keywords = "Ambient aerosols, Particle size-composition, Positive matrix factorization, Real-time single particle mass spectrometry, Trace elements",
author = "Pekney, {Natalie J.} and Davidson, {Cliff I.} and Bein, {Keith J.} and Wexler, {Anthony S.} and Johnston, {Murray V.}",
year = "2006",
doi = "10.1016/j.atmosenv.2005.12.072",
language = "English (US)",
volume = "40",
pages = "411--423",
journal = "Atmospheric Environment",
issn = "1352-2310",
publisher = "Pergamon Press Ltd.",
number = "SUPPL. 2",

}

TY - JOUR

T1 - Identification of sources of atmospheric PM at the Pittsburgh Supersite, Part I

T2 - Single particle analysis and filter-based positive matrix factorization

AU - Pekney, Natalie J.

AU - Davidson, Cliff I.

AU - Bein, Keith J.

AU - Wexler, Anthony S.

AU - Johnston, Murray V.

PY - 2006

Y1 - 2006

N2 - During the Pittsburgh Air Quality Study (PAQS), July 2001-September 2002, three co-located instruments analyzed the composition of ambient particulate matter (PM): (1) A single particle mass spectrometer, RSMS-3, was deployed to obtain high-temporal-resolution measurements of single particle size (>1.1 μm) and composition which were correlated with meteorological data to identify sources; (2) PM2.5 and PM10 were collected on cellulose filters using high-volume (hi-vol) samplers, followed by microwave-assisted digestion and analysis by inductively coupled plasma-mass spectrometry (ICP-MS). Positive matrix factorization (PMF) was used to identify possible source categories; and (3) a micro-orifice uniform-deposit impactor (MOUDI) obtained size-distributed samples of PM. Several days of MOUDI filters were selected for microwave-assisted digestion and analysis by ICP-MS. In this paper, sources identified using the single particle data were compared to the PMF results for the hi-vol/ICP-MS data. The strengths of each method were combined to hypothesize the most likely sources of various elements in ambient PM in Pittsburgh. In the final results, Mo and Cr are attributed to local specialty steel facilities; Fe, Mn, Zn, and K are attributed to a steel mill SE of the monitoring station; internally mixed Pb-containing particles are attributed to a major source to the NW; and Ga is attributed to coal combustion sources to the NW. There is a notable lack of oil combustion sources. The MOUDI data were used to resolve discrepancies between the single particle and hi-vol/ICP-MS data concerning the detection of Ti and Se. The hi-vol data showed appreciable Ti and Se masses, but RSMS-3 was unable to detect significant numbers of Ti-containing particles because of their large size, while we hypothesize that the volatility of Se caused it to be distributed more evenly over all emitted particles such that the amount of Se in any individual particle is below the limit of detection.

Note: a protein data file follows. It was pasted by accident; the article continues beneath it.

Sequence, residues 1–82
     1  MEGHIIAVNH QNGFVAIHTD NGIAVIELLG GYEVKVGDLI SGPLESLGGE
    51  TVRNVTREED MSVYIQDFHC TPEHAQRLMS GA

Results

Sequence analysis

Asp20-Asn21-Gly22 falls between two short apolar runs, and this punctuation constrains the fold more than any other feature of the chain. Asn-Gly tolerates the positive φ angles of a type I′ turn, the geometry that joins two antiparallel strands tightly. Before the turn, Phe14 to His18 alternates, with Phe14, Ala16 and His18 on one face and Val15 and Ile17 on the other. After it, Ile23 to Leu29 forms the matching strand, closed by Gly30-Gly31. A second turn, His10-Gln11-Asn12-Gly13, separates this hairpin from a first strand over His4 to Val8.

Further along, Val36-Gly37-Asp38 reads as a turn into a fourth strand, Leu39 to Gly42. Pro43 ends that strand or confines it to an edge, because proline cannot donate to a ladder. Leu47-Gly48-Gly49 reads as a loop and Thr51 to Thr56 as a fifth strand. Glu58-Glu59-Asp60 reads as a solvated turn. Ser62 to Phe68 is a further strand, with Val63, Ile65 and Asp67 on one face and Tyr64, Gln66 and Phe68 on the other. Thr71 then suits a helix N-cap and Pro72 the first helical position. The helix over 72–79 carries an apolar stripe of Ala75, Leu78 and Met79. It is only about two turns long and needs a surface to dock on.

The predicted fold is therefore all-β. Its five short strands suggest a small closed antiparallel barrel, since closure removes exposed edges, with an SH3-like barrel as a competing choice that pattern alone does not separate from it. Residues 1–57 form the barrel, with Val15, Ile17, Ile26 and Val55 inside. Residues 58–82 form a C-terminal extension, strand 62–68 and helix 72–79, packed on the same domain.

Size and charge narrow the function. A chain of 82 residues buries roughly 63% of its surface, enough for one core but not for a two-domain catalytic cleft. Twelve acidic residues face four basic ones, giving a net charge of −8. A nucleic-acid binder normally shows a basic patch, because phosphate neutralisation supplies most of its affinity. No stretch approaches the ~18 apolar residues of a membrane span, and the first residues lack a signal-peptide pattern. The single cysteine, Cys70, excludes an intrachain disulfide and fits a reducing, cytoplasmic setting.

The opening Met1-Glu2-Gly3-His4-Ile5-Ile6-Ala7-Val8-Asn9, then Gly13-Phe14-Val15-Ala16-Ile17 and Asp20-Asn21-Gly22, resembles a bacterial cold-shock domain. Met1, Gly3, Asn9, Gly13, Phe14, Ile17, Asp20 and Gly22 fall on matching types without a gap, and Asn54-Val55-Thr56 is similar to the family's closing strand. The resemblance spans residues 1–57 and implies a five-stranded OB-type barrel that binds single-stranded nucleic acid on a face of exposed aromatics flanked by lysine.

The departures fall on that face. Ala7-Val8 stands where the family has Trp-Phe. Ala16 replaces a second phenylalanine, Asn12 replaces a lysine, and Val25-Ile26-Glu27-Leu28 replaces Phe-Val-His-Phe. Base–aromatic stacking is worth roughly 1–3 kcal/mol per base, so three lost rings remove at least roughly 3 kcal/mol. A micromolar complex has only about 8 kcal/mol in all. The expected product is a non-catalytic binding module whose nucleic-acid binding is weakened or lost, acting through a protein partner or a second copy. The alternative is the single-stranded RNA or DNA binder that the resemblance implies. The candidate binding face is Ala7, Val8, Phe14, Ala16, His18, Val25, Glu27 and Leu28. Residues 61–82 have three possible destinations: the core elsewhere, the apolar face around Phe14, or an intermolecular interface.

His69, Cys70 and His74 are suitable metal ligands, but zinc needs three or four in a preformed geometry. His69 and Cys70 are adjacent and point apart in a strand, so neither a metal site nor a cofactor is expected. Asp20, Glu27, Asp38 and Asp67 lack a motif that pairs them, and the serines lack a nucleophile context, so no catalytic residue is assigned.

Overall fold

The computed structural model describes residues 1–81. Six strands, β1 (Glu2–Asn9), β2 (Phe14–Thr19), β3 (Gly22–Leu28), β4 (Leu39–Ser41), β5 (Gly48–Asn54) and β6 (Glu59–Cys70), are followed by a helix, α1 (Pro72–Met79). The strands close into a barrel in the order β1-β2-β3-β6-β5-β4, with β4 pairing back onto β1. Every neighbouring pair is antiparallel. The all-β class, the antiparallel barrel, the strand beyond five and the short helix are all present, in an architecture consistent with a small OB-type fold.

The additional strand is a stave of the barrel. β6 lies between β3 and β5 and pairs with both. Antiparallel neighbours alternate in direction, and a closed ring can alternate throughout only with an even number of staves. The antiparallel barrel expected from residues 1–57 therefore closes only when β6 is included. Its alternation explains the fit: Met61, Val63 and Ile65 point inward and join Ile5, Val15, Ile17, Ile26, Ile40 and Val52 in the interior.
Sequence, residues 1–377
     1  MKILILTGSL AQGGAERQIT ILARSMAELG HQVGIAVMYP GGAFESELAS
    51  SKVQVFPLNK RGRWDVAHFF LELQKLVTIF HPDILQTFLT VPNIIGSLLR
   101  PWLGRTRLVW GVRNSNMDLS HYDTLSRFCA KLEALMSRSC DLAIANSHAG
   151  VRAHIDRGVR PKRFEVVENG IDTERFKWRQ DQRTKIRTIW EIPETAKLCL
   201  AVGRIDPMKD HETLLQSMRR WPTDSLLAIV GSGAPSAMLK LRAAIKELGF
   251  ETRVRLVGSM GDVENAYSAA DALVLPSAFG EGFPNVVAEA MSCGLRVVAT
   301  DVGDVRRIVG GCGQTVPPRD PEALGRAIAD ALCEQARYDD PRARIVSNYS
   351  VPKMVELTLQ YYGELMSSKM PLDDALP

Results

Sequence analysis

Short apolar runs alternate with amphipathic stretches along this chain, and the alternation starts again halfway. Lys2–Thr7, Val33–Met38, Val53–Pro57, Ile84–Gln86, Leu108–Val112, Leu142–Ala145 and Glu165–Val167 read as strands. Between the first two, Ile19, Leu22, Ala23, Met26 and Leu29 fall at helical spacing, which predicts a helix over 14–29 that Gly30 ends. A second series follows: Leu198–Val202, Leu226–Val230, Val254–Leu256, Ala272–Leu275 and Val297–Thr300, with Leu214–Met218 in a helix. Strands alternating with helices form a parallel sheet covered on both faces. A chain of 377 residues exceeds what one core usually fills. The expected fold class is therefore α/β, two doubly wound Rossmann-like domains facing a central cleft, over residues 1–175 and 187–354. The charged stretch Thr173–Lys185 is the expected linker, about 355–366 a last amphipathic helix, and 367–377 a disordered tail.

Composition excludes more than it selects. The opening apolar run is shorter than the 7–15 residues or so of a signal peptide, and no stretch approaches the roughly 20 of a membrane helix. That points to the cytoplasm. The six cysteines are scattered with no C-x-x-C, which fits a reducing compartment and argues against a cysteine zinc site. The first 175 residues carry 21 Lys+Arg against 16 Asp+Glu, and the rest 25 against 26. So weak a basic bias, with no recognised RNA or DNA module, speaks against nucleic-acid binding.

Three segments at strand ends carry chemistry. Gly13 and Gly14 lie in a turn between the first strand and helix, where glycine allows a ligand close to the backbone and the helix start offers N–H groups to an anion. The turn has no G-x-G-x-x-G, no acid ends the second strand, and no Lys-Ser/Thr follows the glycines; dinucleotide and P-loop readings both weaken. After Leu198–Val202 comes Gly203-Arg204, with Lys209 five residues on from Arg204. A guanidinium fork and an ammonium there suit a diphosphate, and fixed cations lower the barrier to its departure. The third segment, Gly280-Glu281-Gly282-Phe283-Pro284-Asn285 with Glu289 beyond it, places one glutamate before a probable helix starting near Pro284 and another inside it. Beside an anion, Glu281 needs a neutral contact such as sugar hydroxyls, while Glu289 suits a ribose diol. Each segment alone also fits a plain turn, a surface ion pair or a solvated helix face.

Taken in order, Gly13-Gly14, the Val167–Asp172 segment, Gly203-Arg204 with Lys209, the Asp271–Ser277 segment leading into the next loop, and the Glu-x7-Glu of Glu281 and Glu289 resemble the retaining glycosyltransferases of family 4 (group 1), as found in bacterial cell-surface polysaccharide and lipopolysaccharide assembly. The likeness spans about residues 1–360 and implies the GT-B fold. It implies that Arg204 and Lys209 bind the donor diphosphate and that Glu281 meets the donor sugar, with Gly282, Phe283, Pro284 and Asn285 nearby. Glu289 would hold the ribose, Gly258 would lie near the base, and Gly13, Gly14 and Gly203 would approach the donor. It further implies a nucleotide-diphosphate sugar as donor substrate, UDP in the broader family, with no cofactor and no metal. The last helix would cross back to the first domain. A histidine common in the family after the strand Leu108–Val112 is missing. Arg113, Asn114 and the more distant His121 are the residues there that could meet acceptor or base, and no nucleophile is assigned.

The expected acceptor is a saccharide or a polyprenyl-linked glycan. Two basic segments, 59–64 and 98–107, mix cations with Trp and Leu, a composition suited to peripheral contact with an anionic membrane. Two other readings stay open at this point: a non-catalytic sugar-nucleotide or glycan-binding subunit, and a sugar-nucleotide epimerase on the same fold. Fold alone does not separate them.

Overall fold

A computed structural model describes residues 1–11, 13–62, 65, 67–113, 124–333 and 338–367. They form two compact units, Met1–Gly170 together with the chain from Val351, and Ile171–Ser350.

AB - During the Pittsburgh Air Quality Study (PAQS), July 2001-September 2002, three co-located instruments analyzed the composition of ambient particulate matter (PM): (1) A single particle mass spectrometer, RSMS-3, was deployed to obtain high-temporal-resolution measurements of single particle size (>1.1 μm) and composition which were correlated with meteorological data to identify sources; (2) PM2.5 and PM10 were collected on cellulose filters using high-volume (hi-vol) samplers, followed by microwave-assisted digestion and analysis by inductively coupled plasma-mass spectrometry (ICP-MS). Positive matrix factorization (PMF) was used to identify possible source categories; and (3) a micro-orifice uniform-deposit impactor (MOUDI) obtained size-distributed samples of PM. Several days of MOUDI filters were selected for microwave-assisted digestion and analysis by ICP-MS. In this paper, sources identified using the single particle data were compared to the PMF results for the hi-vol/ICP-MS data. The strengths of each method were combined to hypothesize the most likely sources of various elements in ambient PM in Pittsburgh. In the final results, Mo and Cr are attributed to local specialty steel facilities; Fe, Mn, Zn, and K are attributed to a steel mill SE of the monitoring station; internally mixed Pb-containing particles are attributed to a major source to the NW; and Ga is attributed to coal combustion sources to the NW. There is a notable lack of oil combustion sources. The MOUDI data were used to resolve discrepancies between the single particle and hi-vol/ICP-MS data concerning the detection of Ti and Se. The hi-vol data showed appreciable Ti and Se masses, but RSMS-3 was unable to detect significant numbers of Ti-containing particles because of their large size, while we hypothesize that the volatility of Se caused it to be distributed more evenly over all emitted particles such that the amount of Se in any individual particle is below the limit of detection.

KW - Ambient aerosols

KW - Particle size-composition

KW - Positive matrix factorization

KW - Real-time single particle mass spectrometry

KW - Trace elements

UR - http://www.scopus.com/inward/record.url?scp=33748791783&partnerID=8YFLogxK

UR - http://www.scopus.com/inward/citedby.url?scp=33748791783&partnerID=8YFLogxK

U2 - 10.1016/j.atmosenv.2005.12.072

DO - 10.1016/j.atmosenv.2005.12.072

M3 - Article

AN - SCOPUS:33748791783

VL - 40

SP - 411

EP - 423

JO - Atmospheric Environment

JF - Atmospheric Environment

SN - 1352-2310

IS - SUPPL. 2

ER -